Thursday, 13 December 2012

Reading fiction at school

is apparently a thing of the past - well, almost. Our national newspaper had reports yesterday which stated that fourth year students were ranked twenty-seventh in the world with respect to reading skills.
I am not sure what that really means. I am always nervous around such "statistics" because there are so many variables that they can be meaningless. All the same it is fair to say that many children are reading less, much less. They are reading less than they should be if we want them to be fluent readers.
As a child I read long before I went to school at all. As I grew up I read before I set off for the day at school. I read at school - often getting into strife for reading a book when I should have been doing something else. I read after school and in the evenings. I read at weekends.
I admit I did not have the competing interests of sport, ballet, music, drama class or any of the other things which are now considered essential. I was not in before and after school care the way many children are. My siblings and the other children of my generation did not have those things either. We most certainly did not have computers or mobile phones or any sort of "screen games" or even television to take from reading time. We read because it was a major way of entertaining ourselves. Even children who were "not great readers" tended to read.
Now there are many other things competing against what was once "reading time". Some children are actually time-poor. They have music practice to do or an extra cricket or football training session. At after-school care they may do their "homework" but they will then be encouraged to "be active" rather than read.
Parents and even some teachers then mistake "reading" a computer screen or activities like sending text messages as being the equivalent of reading a book. They are not. They are quite different sort of activities which require other skills.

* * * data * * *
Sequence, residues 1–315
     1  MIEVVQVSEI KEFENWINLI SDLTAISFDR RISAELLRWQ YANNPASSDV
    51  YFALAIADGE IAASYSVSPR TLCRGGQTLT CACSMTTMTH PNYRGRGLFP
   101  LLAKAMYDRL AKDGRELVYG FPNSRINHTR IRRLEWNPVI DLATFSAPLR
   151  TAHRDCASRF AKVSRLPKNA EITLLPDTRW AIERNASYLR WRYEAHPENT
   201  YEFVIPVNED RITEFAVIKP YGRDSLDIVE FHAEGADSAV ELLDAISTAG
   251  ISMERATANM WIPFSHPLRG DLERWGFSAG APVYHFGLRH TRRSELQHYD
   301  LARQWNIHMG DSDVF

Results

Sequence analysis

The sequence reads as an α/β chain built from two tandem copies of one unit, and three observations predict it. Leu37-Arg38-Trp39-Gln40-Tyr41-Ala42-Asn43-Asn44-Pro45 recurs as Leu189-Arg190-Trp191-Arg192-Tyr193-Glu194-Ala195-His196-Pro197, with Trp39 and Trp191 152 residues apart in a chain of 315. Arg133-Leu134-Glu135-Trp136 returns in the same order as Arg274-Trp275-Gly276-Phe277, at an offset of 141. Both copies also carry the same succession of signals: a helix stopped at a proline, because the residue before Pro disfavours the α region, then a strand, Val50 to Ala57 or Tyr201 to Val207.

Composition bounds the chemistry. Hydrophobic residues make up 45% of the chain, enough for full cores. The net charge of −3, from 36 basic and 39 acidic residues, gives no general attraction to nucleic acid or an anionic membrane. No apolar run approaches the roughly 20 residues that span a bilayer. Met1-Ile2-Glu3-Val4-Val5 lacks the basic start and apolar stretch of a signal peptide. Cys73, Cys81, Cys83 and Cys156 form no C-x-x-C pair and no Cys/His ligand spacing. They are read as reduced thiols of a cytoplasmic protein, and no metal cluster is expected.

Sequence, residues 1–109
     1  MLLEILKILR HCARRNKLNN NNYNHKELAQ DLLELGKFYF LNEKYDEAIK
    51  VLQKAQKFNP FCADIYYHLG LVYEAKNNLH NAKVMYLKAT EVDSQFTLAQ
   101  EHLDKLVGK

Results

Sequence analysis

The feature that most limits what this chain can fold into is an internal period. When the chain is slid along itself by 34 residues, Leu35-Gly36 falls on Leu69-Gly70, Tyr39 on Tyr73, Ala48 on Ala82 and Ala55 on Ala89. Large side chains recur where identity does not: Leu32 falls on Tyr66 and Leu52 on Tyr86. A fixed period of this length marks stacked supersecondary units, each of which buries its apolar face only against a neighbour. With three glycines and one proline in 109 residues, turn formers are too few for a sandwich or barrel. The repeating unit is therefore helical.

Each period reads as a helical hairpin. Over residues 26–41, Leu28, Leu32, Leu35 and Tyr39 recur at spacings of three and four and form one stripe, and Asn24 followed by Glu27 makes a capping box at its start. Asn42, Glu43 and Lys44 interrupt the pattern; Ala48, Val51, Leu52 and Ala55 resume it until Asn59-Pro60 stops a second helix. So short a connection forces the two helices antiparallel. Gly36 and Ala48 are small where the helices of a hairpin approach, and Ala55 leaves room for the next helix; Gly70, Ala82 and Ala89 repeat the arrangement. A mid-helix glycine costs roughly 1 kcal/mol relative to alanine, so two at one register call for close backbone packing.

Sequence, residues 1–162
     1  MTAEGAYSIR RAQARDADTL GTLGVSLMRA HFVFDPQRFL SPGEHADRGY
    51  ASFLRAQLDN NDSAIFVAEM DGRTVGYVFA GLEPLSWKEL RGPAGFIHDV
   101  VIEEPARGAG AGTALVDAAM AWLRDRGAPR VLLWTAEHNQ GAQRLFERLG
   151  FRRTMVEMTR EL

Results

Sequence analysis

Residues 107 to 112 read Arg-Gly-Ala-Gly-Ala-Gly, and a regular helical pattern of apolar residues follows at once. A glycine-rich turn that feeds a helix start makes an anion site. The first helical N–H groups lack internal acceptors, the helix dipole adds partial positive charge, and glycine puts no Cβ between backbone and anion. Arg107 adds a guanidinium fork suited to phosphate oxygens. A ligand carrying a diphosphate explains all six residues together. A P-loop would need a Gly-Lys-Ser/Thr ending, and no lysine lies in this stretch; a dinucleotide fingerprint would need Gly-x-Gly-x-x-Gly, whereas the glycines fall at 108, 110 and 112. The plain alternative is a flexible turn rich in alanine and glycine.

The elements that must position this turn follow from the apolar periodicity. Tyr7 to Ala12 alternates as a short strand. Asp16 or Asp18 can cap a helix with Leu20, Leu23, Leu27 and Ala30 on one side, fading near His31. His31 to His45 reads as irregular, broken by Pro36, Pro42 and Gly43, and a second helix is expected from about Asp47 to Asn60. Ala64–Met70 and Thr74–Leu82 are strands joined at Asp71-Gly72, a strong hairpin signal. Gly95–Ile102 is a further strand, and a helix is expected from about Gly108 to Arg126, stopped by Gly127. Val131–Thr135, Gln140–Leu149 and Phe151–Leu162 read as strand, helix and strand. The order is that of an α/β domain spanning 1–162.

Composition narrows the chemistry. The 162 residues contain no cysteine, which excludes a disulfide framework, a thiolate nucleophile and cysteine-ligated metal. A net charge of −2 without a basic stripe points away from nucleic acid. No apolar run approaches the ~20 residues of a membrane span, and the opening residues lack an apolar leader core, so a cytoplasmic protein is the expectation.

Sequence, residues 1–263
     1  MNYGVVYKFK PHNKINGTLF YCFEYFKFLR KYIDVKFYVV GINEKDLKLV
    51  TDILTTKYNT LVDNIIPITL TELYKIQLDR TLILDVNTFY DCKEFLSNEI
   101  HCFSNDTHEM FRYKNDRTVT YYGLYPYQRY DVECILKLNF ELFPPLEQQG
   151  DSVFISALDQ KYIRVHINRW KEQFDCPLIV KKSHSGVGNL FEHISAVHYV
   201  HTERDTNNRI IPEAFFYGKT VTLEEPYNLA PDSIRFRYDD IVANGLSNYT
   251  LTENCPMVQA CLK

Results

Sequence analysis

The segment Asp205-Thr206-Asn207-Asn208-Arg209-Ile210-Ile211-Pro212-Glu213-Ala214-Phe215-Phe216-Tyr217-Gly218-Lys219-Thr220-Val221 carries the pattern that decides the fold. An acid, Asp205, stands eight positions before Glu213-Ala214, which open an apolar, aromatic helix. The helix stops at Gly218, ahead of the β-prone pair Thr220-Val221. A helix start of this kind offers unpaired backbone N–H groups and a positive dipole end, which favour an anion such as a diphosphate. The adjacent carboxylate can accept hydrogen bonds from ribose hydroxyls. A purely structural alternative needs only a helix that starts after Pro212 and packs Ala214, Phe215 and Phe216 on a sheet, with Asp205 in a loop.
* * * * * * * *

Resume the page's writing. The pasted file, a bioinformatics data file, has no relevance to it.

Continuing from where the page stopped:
Of course children still read but what they are reading and the purposes for which they are reading are often very different. They read computer screens. There will often be images and sound. They read them to obtain information, usually factual information related to some classroom activity.
They will read the material which is set as part of the learning experience at school. Some of that will be fiction but much of it will be non-fiction. "Reading" can now include watching a film, looking at a poster or comic. Yes, they are forms of reading.
They are not however like reading a novel.
It is reading novels which counts in my book. Reading a novel should mean being able to experience someone else's world for a short time. We should be able to identify, empathise and sympathise with characters who were strangers when we first met them. The characters should grow in our minds as we use our imagination to fill in details that are not actually stated but just hinted at.
Reading a book, especially a novel, is not in the least bit like "reading" (watching) a film. The film does almost all the work for you. It shows you what the characters look like, how they sound and how they behave. It leaves little, if anything, to the imagination. When a film does require us to use imagination much more of the work has already been done for us. We are being given much more direction about how we should think.
School library services are being cut back. Some schools no longer have libraries. There is "no time" to visit the library at weekends - and "no time" to read in between. There are even educators who say this does not matter, as long as the child "can read to obtain the necessary information" - forgetting that there is a difference between obtaining information and using the information you obtain. That requires imagination, imagination that comes with reading fiction for pleasure.
All this bothers me. It has implications for writers as well as readers.

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